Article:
By Lucy Lund, CQL Quality Enhancement Specialist
Throughout the course of the COVID-19 pandemic, the utilization of technology has become a bridge to connection, relationships, and participation in activities, while maintaining a safe distance and protecting others. Engaging with people receiving services in a Personal Outcome Measures® (POM) interview, even through virtual platforms, remains a valuable avenue to discover information about quality-of-life outcomes and supports. Virtual POM interviews provide an opportunity to generate ideas for innovative and safe supports even within the context of the pandemic, when using technology is the only way to conduct interviews.
Despite the pandemic, it is important for POM interviews to occur. The pandemic will undoubtedly have an impact on what you learn during a POM interview. Keep in mind though, that the POM is intended to gain perspective on the person’s life in that moment of time. It is important to capture the experience and impact of the pandemic and yet continue to look for avenues to enhance one’s life through all means, including virtually. The POM interview becomes a platform to start virtual conversations and reshape supports that may be effective beyond the pandemic.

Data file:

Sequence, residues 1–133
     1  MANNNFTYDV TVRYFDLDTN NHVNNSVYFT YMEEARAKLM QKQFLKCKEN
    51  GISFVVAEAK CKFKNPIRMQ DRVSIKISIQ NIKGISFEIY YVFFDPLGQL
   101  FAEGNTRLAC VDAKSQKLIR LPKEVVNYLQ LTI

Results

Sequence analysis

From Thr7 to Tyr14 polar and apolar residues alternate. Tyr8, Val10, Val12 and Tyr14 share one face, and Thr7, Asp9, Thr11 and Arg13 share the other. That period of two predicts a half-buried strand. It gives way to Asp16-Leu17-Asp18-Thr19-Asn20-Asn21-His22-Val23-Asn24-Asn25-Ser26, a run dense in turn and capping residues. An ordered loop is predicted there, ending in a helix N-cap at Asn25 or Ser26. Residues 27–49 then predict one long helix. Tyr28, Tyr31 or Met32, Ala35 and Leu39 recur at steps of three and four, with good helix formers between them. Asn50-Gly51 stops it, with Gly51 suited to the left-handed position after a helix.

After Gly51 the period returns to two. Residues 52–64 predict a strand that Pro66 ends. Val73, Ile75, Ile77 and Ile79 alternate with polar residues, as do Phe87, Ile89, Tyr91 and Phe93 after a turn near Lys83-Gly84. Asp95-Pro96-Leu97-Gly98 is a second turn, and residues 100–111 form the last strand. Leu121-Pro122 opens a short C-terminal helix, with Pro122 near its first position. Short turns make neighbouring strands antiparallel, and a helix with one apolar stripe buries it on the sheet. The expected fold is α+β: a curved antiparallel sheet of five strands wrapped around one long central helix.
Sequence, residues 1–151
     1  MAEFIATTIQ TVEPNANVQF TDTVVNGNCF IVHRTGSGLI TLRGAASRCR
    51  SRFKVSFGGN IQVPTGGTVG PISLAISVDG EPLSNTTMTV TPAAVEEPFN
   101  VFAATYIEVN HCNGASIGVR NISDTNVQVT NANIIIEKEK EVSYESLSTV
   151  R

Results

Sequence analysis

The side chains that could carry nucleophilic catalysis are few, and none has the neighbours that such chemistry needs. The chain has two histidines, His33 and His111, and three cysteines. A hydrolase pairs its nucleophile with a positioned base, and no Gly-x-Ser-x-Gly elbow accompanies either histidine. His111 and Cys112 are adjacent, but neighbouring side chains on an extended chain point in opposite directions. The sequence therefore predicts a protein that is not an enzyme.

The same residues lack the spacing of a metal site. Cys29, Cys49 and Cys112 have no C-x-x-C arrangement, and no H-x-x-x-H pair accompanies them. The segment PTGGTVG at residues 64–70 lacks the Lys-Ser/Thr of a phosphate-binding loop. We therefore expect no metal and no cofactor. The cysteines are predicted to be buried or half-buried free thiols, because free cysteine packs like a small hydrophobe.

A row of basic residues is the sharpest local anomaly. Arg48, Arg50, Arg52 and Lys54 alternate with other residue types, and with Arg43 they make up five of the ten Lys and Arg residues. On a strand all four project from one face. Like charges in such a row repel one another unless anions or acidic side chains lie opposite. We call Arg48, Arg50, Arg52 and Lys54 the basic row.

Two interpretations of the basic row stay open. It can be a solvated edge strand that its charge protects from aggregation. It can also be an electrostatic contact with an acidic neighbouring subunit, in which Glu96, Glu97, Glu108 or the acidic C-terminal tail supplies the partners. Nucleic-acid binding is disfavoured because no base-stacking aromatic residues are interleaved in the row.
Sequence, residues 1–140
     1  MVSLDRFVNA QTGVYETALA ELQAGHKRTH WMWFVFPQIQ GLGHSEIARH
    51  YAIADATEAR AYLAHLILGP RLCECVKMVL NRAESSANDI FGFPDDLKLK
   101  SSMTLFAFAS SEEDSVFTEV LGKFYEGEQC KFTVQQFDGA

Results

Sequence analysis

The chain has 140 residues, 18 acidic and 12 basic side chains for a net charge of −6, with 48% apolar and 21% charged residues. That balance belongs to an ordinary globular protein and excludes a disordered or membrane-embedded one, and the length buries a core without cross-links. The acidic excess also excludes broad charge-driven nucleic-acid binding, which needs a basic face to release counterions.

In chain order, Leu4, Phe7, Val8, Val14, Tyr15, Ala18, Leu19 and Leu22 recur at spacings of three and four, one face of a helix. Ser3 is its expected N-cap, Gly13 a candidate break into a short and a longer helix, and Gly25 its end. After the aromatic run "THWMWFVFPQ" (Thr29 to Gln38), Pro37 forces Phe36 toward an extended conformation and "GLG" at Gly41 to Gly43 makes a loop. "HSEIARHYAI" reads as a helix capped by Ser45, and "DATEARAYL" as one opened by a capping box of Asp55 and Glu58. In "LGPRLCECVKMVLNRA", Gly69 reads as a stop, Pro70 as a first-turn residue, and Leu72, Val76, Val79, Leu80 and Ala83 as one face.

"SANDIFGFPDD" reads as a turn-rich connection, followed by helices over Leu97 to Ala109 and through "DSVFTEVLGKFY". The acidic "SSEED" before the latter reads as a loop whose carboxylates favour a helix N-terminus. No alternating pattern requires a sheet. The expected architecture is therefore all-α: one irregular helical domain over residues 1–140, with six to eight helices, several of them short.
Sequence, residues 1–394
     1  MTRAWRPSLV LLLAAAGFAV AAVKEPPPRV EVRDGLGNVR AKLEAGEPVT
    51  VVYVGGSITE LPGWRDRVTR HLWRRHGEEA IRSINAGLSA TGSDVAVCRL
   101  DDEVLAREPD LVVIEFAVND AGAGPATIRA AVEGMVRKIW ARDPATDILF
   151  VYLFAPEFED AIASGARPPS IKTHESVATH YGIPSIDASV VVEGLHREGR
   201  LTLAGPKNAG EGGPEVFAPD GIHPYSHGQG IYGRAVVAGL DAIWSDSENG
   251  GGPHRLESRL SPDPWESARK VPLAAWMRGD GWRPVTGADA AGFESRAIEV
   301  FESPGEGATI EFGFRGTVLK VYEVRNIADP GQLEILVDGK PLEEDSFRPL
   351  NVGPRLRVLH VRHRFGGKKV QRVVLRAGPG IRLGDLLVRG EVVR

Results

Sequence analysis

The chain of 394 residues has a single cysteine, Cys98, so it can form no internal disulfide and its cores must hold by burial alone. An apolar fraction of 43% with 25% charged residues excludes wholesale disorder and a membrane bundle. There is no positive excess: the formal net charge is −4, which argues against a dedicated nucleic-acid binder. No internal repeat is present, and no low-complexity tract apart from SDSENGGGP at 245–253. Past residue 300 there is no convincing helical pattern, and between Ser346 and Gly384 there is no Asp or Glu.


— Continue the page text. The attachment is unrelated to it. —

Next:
Service providers across the world expanded the utilization of technology for people to connect, hold virtual advocacy groups, and have fun, while dealing with COVID-19 restrictions. As the pandemic wore on there were creative solutions being discovered by both providers and CQL, that would allow for the successful implementation of virtual POM interviews.
The connection occurring through the virtual POM conversation is valuable. Having the interaction through these conversations has proven to be incredibly beneficial for mental health purposes, as loneliness markers increase due to the pandemic. People who are dependent upon services have increased indicators for loneliness, and the pandemic amplified social isolation (Wormald et al., 2019). A virtual POM conversation can identify possible areas of connection and opportunities to enhance one’s quality of life.
Technology Access For People With Disabilities